The Obama administration is proposing tougher pollution standards that could lead to new cleanups of highly toxic dioxin at locations around the country. Naturally, industry groups and Republicans are objecting. And those objections will turn to a full-scale attack if the GOP wins control of the House in today's elections.
The Environmental Protection Agency expects to adopt the new standards this fall. Once that happens, federal and state officials will take a new look at sites that are known to have had major dioxin contamination - like the 50 miles of Michigan watershed where for decades Dow Chemical's Midland plant dumped dioxin byproducts. The officials will determine if more cleanup is needed.
Dioxins are toxic chemical byproducts from industrial processes such as pesticide and herbicide production, waste incineration, refining and smelting. One form of dioxin was a key ingredient in Agent Orange, the defoliant used by U.S. troops during the Vietnam War.
The World Health Organization says significant exposure to dioxins can damage human reproductive and immune systems. The EPA has characterized dioxins as "likely" human carcinogens. The agency will be reviewing that definition as part of its upcoming health risk assessment.
EPA officials say dioxins are dangerous to human health at lower concentrations than previously thought.
"We're driven by the need to protect against excessive risk of both cancer and non-cancer health concerns," Mathy Stanislaus, EPA assistant administrator for solid waste and emergency response, told the Associated Press. "We believe (the current standards) are not sufficiently protective and more stringent numbers are needed."
The EPA will be working from a list of 92 Superfund sites where dioxin is among the soil contaminants. In addition, the agency estimates that as many as 150 other hazardous waste sites may have dioxin contamination and will need reviewing.
Since 1998, the EPA has regarded dioxin soil concentrations of less than 1,000 parts per trillion (ppt) as safe for residential areas. It has considered 5,000 ppt to 20,000 ppt safe for commercial and industrial zones. The proposed new standards would dramatically lower the safe levels, to 72 ppt for residential areas and 950 ppt for commercial and industrial sites.
At one site that could get a new look, the former town of Times Beach, Mo., a suburb of St. Louis, about 2,000 residents were relocated in 1983 after dioxin-contaminated oil was sprayed on roads to control dust. A $120 million cleanup was completed in 1997 after 265,000 tons of contaminated materials were incinerated. Two years later, the abandoned town was converted into a state park.
The 1,000 ppt standard was used for the Times Beach cleanup.
Marilyn Leistner, the last mayor of Times Beach, told the Associated Press she always suspected the cleanup was inadequate.
"My attitude is, 'I told you so. You should have done it in the first place,'" Leistner said.
Another site that may be reviewed for possible further cleanup is the notorious Love Canal neighborhood of Niagara Falls, N.Y. In the late 1970s hundreds of families were evacuated from the community after the discovery of 21,000 tons of toxic waste, including dioxin, that had been buried there by Hooker Chemical Co. The area was declared clean in 2004 after dioxin and other chemicals were removed or covered.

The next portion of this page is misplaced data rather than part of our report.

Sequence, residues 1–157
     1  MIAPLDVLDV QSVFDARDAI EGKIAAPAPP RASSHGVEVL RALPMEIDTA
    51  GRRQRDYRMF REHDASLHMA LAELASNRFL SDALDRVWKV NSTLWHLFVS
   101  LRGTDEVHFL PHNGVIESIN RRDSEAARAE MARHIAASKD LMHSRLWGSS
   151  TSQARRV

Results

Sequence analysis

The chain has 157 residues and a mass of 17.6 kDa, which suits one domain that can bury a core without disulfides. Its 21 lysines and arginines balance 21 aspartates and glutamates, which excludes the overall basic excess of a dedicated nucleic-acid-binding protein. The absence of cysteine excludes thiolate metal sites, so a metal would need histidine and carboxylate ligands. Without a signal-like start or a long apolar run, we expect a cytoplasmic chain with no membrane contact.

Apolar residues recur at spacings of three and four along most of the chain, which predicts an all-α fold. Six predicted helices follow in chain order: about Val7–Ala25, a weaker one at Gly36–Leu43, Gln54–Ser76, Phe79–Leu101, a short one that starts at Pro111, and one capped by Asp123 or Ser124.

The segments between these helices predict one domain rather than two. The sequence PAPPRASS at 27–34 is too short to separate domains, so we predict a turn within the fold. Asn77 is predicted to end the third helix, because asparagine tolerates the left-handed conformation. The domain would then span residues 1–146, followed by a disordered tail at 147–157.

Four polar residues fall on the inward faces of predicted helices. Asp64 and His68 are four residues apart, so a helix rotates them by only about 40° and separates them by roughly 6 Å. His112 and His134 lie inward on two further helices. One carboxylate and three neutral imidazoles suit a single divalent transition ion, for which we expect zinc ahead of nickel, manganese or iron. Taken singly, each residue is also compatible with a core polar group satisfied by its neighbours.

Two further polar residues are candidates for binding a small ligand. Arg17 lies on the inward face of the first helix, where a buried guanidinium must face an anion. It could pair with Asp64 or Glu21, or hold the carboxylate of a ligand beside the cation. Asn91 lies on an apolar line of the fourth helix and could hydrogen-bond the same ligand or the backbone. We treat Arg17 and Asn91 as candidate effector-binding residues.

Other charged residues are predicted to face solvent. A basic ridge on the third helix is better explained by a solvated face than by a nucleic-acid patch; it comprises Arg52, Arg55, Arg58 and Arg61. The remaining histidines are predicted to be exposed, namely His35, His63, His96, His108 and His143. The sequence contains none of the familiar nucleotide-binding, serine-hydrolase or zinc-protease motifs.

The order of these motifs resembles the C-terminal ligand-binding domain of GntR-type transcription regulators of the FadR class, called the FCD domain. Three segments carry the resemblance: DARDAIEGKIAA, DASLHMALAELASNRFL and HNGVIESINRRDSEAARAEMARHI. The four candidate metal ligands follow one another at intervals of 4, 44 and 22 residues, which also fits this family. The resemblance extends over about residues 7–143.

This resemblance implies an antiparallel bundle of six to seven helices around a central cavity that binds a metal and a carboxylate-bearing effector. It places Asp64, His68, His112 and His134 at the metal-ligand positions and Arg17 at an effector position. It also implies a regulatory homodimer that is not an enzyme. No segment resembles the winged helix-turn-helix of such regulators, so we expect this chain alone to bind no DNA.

David Fischer, an attorney with the American Chemistry Council, objected to the proposed stricter standards, claiming concern for local communities. "It could mean a great deal of cost and disruption to communities and municipalities who thought their issues had been resolved," he told AP. "And there will be little if any public health benefit."
Similar objections were raised by Republican Michigan Congressman Dave Camp.
The American Chemistry Council is an industry group which counts among its members Dow, DuPont, Monsanto, BASF, Celanese and other chemical corporate giants, big pharmaceutical firms like Bayer, Eli Lilly and Merck, along with oil industry chemical operations such as BP Lubricants USA, Chevron Phillips Chemical Co., ExxonMobil Chemical Co., Marathon Petroleum and Shell Chemical, and the famous asbestos polluter W. R. Grace.
They will get a boost if Republicans retake control of the House in today's elections. Republican leaders say they will launch "a blistering attack on the Obama administration's environmental policies," the Los Angeles Times reports.
"The attack, according to senior Republicans, will seek to portray the EPA as abusing its authority and damaging the economy with needless government regulations."
The GOP reportedly plans to put the EPA and environmental policymakers on the defensive by launching "wide-ranging and sustained investigations by congressional committees," according to the LA Times. The aim would be to make the administration retreat on environmental efforts as the 2012 presidential elections get closer.
Another Michigan Republican, Rep. Fred Upton, the ranking Republican on the powerful House Energy and Commerce Committee, declared in a recent op ed that the GOP is preparing to "declare war on the regulatory state."
Photo: Sign at a rally outside an EPA hearing in Seattle last year. (Seven_Null7 CC 2.0)